Some 25,000 Japanese people rallied on Wednesday in Tokyo, calling for peace and protection of Japan's Constitution, including the war-renouncing Article 9, as the country marked the 76th anniversary of its pacifist post-war Constitution.
The Constitution's Article 9 renounces war and prohibits Japan from possessing "war potential" such as military forces. The nation's exclusively defense-oriented policy is built on the idea of upholding pacifism embodied in the supreme law.
However, as the Japanese government has lifted the ban on the right to collective self-defense, approved revisions to three national security documents for large-scale military expansion and ramped up weapon deployment in its remote southwestern islands, more and more Japanese people feel increasingly uneasy about the situation and the risks.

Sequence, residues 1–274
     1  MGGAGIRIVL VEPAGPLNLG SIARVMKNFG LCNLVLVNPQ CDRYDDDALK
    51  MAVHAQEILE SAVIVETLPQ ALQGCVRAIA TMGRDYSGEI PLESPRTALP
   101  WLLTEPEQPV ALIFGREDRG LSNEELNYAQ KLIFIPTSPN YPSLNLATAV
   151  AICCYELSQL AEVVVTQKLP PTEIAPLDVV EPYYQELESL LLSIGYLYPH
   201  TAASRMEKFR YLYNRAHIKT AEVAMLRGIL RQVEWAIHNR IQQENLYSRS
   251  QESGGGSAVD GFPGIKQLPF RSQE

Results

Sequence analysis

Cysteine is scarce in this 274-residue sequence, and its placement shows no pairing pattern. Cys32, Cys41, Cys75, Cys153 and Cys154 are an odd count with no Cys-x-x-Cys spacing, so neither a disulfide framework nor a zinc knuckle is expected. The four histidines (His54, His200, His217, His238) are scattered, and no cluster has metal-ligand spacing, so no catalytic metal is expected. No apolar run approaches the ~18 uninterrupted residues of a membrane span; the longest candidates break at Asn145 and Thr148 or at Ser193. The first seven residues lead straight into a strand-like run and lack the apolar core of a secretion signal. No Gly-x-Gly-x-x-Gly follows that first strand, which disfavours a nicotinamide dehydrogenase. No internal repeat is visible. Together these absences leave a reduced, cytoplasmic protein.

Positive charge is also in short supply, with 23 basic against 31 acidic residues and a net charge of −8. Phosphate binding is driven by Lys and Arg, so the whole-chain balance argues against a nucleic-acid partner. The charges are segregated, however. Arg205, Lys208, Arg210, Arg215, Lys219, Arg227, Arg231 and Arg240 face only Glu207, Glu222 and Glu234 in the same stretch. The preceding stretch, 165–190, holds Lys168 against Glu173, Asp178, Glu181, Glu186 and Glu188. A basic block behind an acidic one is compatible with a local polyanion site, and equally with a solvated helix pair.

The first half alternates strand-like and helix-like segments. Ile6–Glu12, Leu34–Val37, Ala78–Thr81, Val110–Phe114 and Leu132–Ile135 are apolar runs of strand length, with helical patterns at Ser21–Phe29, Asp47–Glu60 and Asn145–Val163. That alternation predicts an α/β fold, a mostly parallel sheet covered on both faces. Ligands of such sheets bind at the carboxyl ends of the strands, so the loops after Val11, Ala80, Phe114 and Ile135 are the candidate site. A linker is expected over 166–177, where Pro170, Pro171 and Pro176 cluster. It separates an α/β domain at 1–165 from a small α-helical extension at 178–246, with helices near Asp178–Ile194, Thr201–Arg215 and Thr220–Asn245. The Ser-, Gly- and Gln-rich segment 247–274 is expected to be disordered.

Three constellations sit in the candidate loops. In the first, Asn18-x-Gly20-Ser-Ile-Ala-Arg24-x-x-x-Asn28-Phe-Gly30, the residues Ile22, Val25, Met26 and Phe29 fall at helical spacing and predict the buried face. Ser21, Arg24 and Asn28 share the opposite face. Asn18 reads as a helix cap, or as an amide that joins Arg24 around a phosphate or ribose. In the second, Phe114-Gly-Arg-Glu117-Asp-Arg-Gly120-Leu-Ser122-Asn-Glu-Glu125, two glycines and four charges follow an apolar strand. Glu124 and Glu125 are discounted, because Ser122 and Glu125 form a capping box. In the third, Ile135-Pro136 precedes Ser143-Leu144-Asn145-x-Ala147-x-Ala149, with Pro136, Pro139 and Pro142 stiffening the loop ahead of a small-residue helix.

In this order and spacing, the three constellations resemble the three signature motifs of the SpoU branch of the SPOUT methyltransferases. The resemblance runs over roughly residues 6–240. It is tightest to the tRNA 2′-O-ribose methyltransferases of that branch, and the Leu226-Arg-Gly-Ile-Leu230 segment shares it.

Mizuho Fukushima, head of the Social Democratic Party of Japan, criticized Japan's new security documents during her speech at the rally, pointing out that the documents emphasize that Japan will possess the "ability to counter-strike enemy bases" and will exercise the "right of collective self-defense," which may drag the country back into war.
She called on the public to stop the war together.
People marched with banners like "No going back to pre-war," "No amendments to the Constitution" and "Now more emphasis on Article 9."
A 68-year-old man who came to the rally early in the morning expressed unease about his hometown of Amami Oshima in Kagoshima prefecture.
Produced by Xinhua Global Service